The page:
From the desk of the EMD: Podcasts – why you should be listening
There are many ways to get allergy education. You can go to national meetings, like the one this week in Houston hosted by the College. There are great regional and state meetings with terrific speakers. Of course, you have the allergy journals like Annals. Webinars on educational topics in allergy and practice management, both live and on demand, are available on the College Learning Connection. But this column is not about all the different ways you can keep up with allergy education from the College. I want to talk about my favorite way to get medical education and, for that matter, all types of education and entertainment. That’s podcasts.
I apologize to you if you regularly listen to them as I give a brief history and overview to the others not familiar with this learning tool. According to Wikipedia, a podcast is an episodic series of digital audio or video files which a user can download to listen to. The word was suggested by Ben Hammersley, a British internet technologist and journalist, as a portmanteau of the words iPod (you do remember what an iPod was?) and broadcast in 2004 (OK, I had to look up portmanteau, too. It is a linguistic blend of words in which parts of multiple words are combined into a new word). I guess the best way to think of podcasts is that they are like radio programs that can be played anytime and anywhere at your convenience. Many people have applications on their smartphone, tablet, and computer to subscribe to different podcasts and automatically keep them updated with the latest ones. Usually I listen to podcasts on my iPhone using an app called Downcast. There are many of these podcatchers available to organize and collect your podcasts. Apple has its own app where you can search for and listen to podcasts, which is free.
I listen regularly to several different podcasts. I can break them down into several subjects. Many of my favorites are personal finance, such as Clark Howard, Dave Ramsey, Bogleheads on Investing and the Dough Roller Money Podcast. I have two podcasts that cross medicine and personal finance. One is the White Coat Investor Podcast hosted by an ED doc, which is invaluable in helping physicians to avoid financial mistakes, and Hippocratic Hustle, which interviews women physicians on their business or side projects. My geek shows with all my Apple podcasts, which include the Apple Bitz XL, iMore, Mac Power Users, MacBreak Weekly and the Mac Geek Gap. Of course, I can’t leave out DawgNation Daily, to keep up with University of Georgia sports.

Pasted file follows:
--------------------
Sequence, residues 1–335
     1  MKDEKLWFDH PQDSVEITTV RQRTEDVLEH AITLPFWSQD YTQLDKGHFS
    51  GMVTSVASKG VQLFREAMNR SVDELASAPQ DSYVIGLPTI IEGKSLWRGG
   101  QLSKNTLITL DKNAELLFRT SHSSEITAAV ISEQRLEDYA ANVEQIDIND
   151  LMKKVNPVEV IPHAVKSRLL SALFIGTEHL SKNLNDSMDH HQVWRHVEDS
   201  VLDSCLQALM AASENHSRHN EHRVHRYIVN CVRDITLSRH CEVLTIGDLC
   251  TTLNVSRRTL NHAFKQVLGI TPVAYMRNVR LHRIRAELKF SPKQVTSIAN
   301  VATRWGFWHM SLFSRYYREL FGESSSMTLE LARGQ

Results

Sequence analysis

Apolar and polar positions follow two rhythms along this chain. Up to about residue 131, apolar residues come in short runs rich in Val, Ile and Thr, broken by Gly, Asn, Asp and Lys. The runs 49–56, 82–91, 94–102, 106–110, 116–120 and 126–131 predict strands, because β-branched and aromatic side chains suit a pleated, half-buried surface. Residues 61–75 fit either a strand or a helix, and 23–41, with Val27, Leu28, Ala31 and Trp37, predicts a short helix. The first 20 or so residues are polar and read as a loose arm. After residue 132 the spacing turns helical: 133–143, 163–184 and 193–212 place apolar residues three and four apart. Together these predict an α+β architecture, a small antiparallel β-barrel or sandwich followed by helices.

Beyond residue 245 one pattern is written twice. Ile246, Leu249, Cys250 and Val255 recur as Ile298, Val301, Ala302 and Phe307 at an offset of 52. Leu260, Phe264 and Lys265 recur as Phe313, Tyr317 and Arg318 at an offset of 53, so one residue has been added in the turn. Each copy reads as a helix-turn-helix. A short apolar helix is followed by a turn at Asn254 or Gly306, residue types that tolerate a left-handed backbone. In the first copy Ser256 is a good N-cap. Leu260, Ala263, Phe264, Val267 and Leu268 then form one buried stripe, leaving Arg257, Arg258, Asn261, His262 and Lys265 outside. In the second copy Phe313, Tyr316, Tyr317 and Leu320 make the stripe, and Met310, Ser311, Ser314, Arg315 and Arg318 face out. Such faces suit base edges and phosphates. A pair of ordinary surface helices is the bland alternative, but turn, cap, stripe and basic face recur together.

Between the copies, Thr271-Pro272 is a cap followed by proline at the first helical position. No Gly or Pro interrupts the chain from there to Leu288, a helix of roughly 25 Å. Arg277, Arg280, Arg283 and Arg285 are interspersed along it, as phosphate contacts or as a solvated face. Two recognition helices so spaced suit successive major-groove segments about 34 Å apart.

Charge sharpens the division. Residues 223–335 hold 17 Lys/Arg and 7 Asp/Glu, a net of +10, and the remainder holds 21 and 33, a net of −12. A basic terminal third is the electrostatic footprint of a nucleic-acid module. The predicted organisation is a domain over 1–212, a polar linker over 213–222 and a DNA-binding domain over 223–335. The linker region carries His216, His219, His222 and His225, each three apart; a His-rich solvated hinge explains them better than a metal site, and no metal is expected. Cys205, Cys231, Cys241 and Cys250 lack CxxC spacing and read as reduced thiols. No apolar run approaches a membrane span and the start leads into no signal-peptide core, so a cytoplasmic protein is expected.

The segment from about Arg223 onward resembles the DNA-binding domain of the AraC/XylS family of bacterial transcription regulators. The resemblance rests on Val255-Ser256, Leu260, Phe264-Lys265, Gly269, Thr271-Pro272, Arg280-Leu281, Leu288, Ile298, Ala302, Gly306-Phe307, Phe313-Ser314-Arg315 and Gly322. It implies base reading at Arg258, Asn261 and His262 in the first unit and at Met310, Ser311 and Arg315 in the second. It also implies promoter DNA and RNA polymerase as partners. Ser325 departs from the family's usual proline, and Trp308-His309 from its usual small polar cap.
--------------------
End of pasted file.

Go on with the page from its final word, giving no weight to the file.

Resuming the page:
But I said that podcasts are a great way to keep up in medicine. Yes, they are. Here are my favorite ones dealing with medicine. If you have a chance, download some of them and see what you think.
- TED talks in Science and Medicine. If you are not familiar with TED talks, you are missing out on great lectures. This podcast features world- renowned physicians and scientists.
- Straight Talk MD. Dr. Frank Sweeny explores hot-button issues in science, medicine and health care.
- NEJM This Week. That’s self-explanatory.
- This Podcast Will Kill You. Not really, but it does discuss a different disease with each episode.
- Bedside Rounds. Adam Rodman, MD tells fascinating medical stories.
I would be remiss if I did not mention the College’s podcast, AllergyTalk. Gerald Lee, MD, Merin Kalangara, MD, and Stanley Fineman, MD, FACAAI are producing very informative programs covering the articles in AllergyWatch and other topics important to the clinical allergist. If you have not listened, give it a download and see for yourself. Maybe you will find that podcasts are great ways to keep up in medicine and allergy, too.
Michael Blaiss, MD, FACAAI, Executive Medical Director